After attending the 2017 edition of the World Human Rights Cities Forum organized by the city of Gwangju, our Secretariat visited Seoul to meet with municipal agencies and grassroots organizations defending Human Rights and the Right to the City. On this occasion, and thanks to the support of our partner organization Global Social Economy Forum - GSEF, Committee representatives were able to encounter the grassroots initiative Longevity Town: activists defending their Right to the City and their Right to Housing in a small neighborhood at the heart of South Korea’s capital city.
Activists and neighbors organize to protect their Right to remain in the city
Longevity Town neighborhood emerged throughout Korea's fifties and sixties as a new home for newcomers to the city. At this time, waves of people from Seoul’s surrounding hinterland established their self-constructed houses in the former northern limit of the city; today, close to the heart of one of the most populated metropolitan areas in the world, inhabited by almost 25 million people.
During the process of urban transformation, lived in Seoul as in most major metropolitan areas of the world, residents of Longevity Town experienced profound changes in their environment, some of which seriously threatened their way of life and their Right to remain in the city. As in many other fast developing cities, the construction of large residential complexes and infrastructures very often entails the destruction of traditional urban fabric and expulsion of dwellers.
It was at the climax of this process, when the forces of real estate really threatened to expel the neighborhood founders and dwellers, that a group of activists for the Right to Housing and the Right to the City launched an initiative to protect Longevity Town and revitalize its urban environment, inhabited mostly by senior people.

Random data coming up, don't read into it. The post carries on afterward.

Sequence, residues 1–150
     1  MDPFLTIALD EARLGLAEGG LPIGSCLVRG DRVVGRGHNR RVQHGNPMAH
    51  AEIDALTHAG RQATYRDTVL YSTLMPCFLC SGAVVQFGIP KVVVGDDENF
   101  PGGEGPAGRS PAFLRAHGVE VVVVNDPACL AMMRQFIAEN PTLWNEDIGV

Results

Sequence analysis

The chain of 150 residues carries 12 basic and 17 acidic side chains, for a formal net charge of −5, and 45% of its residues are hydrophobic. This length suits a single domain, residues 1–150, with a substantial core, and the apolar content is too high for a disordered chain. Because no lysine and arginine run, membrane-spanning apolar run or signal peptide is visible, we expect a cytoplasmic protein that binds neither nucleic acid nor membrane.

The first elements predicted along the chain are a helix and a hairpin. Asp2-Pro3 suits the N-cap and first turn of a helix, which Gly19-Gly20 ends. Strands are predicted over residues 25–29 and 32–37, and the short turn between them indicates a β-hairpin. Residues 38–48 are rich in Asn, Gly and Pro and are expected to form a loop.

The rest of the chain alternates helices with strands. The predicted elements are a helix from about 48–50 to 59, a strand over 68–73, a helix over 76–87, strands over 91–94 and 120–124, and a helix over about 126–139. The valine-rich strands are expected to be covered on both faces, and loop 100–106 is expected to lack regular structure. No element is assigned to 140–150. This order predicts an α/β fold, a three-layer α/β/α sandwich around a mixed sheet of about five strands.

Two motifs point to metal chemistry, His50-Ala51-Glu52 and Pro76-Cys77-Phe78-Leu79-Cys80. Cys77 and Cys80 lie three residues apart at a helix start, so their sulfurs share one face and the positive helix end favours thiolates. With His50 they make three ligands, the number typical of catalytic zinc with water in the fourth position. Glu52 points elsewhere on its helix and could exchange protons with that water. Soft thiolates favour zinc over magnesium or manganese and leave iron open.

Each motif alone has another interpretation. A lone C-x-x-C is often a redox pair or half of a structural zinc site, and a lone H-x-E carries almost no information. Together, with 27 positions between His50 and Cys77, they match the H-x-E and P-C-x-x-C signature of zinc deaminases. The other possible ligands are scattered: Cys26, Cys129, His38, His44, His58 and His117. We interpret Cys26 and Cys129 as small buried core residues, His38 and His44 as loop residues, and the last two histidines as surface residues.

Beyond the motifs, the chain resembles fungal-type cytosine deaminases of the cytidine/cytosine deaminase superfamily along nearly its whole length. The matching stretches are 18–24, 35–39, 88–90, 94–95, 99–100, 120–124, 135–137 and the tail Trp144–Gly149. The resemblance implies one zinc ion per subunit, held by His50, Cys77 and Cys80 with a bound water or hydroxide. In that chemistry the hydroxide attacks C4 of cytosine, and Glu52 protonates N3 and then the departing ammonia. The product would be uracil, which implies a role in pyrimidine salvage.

Longevity Town representatives met by the Committee shared the origins of their claim: with the neighborhood degradation and the proliferation of speculative dynamics around housing, metropolitan activists on alternative housing engaged with local neighbors with a view to assess their capacity to protect and revitalize the neighborhood and the traditional habitat as an alternative to the model posed by speculators, who sought to build massive housing promotions similar to those that proliferating today all around Seoul.
After a participatory process, neighbors made their choice for rehabilitation based on their abilities and their needs.
Revitalize the neighborhood and life in it through social economy and solidarity
In order to dignify Longevity Town’s habitat, activists started to provide technical support for rehabilitation, organization and community vitalization. Activists supported those residents with little means or capabilities to start reforms in their houses or the streets by their own, opening a participatory workshop where they identified those who knew what to do and those who needed support in terms of rehabilitation. With the rehabilitation of empty houses, some activists (often young people) managed to gain access to a home for themselves, something that not only fulfilled a function of revitalizing the neighborhood, but was also instrumental to stop the initial intention of speculators on Longevity Town urban land.